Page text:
Conservation Law Foundation to Bring Suit Against EPA For Failure to Enforce Stormwater Regulations

Carol Gregory

Lack of Enforcement Against Polluters Contributes to Rhode Island Water Crises

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Carol Gregory

February 10, 2015, PROVIDENCE, RIConservation Law Foundation (CLF) filed a notice of intent to sue the U.S. Environmental Protection Agency (EPA) today for its failure to notify certain commercial, industrial, and institutional properties in Rhode Island (sometimes called CII properties) that they must obtain permits for their stormwater discharges, which is a mandatory requirement under the Clean Water Act. This notice is part of CLF’s continued efforts to enforce protections against stormwater pollution, which causes severe water-quality problems throughout New England.

“EPA has identified many properties around the state that contribute significantly to the stormwater pollution problem that degrade our water bodies.  But EPA has failed to take the necessary steps to hold them accountable,” said Tricia K. Jedele, Vice President and Director of Conservation Law Foundation’s Rhode Island Advocacy Center. “These properties aren’t covered by any permits at this time, but they discharge into our vital waters.  The result is that taxpayers end up bearing the brunt of the costs associated with stormwater pollution, but the rivers, beaches and drinking water supplies remain contaminated. This suit is aimed at getting EPA to finally take those basic steps that will help to clean up our polluted waters. Everyone who is responsible for stormwater runoff needs to own their share of it or we as a New England community will not be able to solve this serious problem.”

During rain or snowmelt, water run-off from urban streets, parking lots, and construction sites carries oil, grease, sediment, and other pollutants into waterways. According to EPA’s own documentation, stormwater pollution has caused especially severe damage to the waters of Aquidneck Island and Mashapaug Pond. Aquidneck Island has seen a significant increase in beach closures and contamination of one of its drinking water sources as a result of stormwater. Mashapaug Pond’s waters have not been safe for drinking, fishing, or swimming in decades.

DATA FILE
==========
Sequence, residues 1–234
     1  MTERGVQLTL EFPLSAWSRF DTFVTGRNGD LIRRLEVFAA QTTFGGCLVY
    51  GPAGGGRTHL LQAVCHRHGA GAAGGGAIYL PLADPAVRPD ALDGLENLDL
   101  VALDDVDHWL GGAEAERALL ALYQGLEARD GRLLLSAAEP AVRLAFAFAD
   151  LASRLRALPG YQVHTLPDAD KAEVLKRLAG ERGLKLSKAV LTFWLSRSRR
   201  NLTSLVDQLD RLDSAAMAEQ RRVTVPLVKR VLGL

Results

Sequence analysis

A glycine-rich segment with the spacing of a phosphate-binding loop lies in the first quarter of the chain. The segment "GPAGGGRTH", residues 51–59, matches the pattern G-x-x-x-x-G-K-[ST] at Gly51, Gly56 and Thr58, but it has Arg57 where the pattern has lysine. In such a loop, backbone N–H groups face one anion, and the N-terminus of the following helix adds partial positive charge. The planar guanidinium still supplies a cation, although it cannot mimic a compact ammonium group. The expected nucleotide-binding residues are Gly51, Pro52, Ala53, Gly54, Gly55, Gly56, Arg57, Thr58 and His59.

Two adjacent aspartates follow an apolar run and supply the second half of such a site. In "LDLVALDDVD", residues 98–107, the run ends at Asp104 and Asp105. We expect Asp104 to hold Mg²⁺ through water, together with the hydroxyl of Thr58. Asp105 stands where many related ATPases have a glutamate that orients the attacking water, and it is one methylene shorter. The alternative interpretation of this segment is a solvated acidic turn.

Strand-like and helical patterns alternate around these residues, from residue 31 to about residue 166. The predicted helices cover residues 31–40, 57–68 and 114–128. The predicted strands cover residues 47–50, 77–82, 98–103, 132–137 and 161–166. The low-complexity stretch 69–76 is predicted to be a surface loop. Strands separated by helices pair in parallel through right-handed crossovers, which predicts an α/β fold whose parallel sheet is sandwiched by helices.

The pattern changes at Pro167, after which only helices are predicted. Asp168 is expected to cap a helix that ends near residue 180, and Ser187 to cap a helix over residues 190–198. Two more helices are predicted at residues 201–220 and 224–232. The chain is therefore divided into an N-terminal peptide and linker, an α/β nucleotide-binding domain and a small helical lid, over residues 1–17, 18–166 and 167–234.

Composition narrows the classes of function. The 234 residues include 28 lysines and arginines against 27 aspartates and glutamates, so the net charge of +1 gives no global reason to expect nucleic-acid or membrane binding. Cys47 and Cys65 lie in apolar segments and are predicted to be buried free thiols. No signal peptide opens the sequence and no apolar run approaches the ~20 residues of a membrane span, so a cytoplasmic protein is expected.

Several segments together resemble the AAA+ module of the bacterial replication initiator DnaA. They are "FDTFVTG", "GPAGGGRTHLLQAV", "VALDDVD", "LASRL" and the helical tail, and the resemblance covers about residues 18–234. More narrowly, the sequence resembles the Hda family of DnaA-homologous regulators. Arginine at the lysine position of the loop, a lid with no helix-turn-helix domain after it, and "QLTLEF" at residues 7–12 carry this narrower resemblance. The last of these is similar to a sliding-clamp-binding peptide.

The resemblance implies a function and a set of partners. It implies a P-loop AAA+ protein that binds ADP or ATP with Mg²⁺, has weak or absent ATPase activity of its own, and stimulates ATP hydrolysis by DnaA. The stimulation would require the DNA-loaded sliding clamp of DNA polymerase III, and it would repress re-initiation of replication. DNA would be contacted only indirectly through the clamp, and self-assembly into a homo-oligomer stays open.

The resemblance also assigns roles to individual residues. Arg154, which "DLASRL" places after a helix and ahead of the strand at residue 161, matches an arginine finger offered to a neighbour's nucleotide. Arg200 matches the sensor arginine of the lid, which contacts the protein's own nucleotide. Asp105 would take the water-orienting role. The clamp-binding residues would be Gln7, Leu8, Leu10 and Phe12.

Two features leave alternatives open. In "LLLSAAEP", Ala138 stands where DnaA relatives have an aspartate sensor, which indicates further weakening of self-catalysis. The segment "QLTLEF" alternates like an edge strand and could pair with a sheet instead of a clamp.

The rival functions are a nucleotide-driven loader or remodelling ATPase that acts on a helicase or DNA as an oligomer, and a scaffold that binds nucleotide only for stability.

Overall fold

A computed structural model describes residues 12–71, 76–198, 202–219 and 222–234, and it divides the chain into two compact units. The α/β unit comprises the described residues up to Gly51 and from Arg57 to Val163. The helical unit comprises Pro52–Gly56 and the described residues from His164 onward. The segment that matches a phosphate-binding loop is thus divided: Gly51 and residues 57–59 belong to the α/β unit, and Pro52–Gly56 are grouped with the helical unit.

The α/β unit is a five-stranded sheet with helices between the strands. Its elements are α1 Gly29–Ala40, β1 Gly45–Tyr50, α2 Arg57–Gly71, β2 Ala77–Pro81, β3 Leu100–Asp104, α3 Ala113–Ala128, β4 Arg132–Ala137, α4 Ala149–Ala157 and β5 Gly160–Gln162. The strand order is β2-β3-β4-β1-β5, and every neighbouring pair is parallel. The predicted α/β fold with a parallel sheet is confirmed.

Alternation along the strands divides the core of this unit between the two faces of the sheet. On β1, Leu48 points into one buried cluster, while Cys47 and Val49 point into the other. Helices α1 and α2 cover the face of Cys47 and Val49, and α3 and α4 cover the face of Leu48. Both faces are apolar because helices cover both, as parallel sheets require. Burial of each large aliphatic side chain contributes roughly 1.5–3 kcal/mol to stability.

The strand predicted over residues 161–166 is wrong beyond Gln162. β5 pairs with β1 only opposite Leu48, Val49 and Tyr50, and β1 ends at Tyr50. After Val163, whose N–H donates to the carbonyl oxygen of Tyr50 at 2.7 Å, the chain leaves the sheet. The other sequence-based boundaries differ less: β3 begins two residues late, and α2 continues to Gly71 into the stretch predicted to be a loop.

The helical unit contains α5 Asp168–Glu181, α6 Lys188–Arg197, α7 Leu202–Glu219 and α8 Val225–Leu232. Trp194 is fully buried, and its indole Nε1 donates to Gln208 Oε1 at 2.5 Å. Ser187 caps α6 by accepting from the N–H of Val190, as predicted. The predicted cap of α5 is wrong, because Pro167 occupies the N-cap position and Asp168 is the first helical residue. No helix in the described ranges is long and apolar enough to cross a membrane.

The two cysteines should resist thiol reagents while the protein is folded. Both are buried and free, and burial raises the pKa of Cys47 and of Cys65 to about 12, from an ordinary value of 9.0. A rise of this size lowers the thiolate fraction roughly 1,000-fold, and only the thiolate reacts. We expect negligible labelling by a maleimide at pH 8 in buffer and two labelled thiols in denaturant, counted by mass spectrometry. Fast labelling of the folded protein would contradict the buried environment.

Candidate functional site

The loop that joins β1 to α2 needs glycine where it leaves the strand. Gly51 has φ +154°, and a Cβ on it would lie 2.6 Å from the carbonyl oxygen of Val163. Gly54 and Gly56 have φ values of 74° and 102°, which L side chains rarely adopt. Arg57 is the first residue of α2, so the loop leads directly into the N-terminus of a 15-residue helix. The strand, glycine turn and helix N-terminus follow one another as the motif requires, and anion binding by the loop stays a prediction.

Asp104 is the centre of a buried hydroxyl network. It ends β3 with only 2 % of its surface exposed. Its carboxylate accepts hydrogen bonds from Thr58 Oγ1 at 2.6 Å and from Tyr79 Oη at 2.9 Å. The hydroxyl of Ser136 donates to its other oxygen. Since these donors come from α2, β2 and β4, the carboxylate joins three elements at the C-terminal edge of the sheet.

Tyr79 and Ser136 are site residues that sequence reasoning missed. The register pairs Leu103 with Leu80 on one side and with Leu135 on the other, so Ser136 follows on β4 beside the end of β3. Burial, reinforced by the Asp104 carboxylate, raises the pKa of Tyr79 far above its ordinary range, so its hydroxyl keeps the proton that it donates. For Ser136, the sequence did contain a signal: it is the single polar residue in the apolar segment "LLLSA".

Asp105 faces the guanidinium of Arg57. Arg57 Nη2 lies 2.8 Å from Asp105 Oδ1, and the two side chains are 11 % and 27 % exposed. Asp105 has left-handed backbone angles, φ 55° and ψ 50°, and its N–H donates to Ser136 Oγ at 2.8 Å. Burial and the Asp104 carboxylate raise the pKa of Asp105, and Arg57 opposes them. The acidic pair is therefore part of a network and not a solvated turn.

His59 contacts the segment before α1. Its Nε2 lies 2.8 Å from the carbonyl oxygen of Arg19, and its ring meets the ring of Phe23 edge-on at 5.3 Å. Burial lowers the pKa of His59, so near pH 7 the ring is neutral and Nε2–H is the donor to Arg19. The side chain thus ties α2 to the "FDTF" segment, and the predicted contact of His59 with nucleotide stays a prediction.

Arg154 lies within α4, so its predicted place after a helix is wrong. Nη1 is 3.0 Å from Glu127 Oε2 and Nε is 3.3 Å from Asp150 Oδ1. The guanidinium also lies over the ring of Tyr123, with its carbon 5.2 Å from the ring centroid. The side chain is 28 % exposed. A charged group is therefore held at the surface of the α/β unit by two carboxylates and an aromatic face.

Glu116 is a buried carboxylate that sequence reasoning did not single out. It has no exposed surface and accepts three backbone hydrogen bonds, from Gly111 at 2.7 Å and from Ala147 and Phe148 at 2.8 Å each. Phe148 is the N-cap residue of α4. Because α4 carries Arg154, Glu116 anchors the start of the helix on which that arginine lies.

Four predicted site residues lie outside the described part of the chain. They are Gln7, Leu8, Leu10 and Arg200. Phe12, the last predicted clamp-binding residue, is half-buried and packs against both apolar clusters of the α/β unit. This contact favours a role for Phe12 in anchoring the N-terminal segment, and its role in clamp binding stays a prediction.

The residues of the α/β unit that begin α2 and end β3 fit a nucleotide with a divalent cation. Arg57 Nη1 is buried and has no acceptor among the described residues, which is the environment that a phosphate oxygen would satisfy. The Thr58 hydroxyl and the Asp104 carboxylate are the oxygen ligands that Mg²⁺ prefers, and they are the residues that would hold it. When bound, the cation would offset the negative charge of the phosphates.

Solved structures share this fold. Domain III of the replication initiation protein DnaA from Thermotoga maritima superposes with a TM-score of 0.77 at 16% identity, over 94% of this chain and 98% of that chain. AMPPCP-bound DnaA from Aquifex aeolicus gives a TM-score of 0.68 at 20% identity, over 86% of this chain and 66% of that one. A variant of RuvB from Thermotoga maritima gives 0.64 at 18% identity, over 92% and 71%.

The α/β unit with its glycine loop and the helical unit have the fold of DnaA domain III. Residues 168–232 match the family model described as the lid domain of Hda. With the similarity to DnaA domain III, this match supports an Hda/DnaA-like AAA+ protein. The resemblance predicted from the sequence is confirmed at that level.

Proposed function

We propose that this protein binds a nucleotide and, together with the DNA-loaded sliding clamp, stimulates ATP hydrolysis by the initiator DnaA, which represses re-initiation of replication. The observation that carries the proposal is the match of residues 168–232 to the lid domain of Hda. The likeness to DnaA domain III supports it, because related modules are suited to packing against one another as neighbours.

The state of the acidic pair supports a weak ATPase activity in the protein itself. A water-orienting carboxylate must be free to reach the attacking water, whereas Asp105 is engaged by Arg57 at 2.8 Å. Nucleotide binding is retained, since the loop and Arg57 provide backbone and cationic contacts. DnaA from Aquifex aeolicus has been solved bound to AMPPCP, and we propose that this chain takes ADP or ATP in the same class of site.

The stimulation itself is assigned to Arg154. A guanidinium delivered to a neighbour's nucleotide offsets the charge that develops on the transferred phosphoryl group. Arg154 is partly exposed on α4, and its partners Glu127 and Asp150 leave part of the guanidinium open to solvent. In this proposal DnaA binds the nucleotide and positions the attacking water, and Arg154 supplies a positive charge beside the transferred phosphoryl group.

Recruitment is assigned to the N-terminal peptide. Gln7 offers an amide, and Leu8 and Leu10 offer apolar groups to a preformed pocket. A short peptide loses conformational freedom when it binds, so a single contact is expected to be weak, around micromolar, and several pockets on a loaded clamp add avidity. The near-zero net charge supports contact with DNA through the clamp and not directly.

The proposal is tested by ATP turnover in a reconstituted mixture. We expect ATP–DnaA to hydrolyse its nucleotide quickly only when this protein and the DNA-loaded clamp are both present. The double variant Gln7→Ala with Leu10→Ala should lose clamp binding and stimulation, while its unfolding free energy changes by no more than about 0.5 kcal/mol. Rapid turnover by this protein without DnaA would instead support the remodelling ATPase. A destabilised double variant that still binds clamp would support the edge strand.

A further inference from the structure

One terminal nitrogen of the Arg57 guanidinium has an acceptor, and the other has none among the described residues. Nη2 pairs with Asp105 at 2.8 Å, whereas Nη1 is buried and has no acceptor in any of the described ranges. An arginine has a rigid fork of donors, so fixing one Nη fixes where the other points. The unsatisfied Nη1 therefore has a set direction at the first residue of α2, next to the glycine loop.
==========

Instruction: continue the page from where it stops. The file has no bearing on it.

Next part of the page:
“When we moved into our house near Mashapaug Pond ten years ago, my husband and I were thrilled that this pond would be part of our community,” said Ana Quezada, Providence, Rhode Island resident. “We wanted to fish and swim with our children and really enjoy the water. Instead we had to build a fence to keep our children safe from the contaminated water. Now I have a grandchild who also cannot go near the water because it is toxic and unsafe. A house near a polluted lake is not the legacy I wanted to leave my children and grandchildren.”

In the notice of intent to sue, CLF stated that EPA has violated the Clean Water Act by failing to notify certain commercial, industrial, and institutional properties responsible for stormwater runoff in the Mashapaug Pond, Spectacle Pond, Bailey’s Brook, North Easton Pond, and Sakonnet/Cove, and Lawton Brook watersheds. CLF also filed a notice of intent to sue for EPA’s failure to notify operations responsible for stormwater discharges in the Charles River Watershed of Massachusetts. Click here for a full copy of the notice of intent to file.

For more background information please see Conservation Law Foundation’s briefing on stormwater pollution in New England, “Closing the Clean Water Gap: Protecting our Waterways by Making All Polluters Pay.”

Focus Areas

Clean Air & Water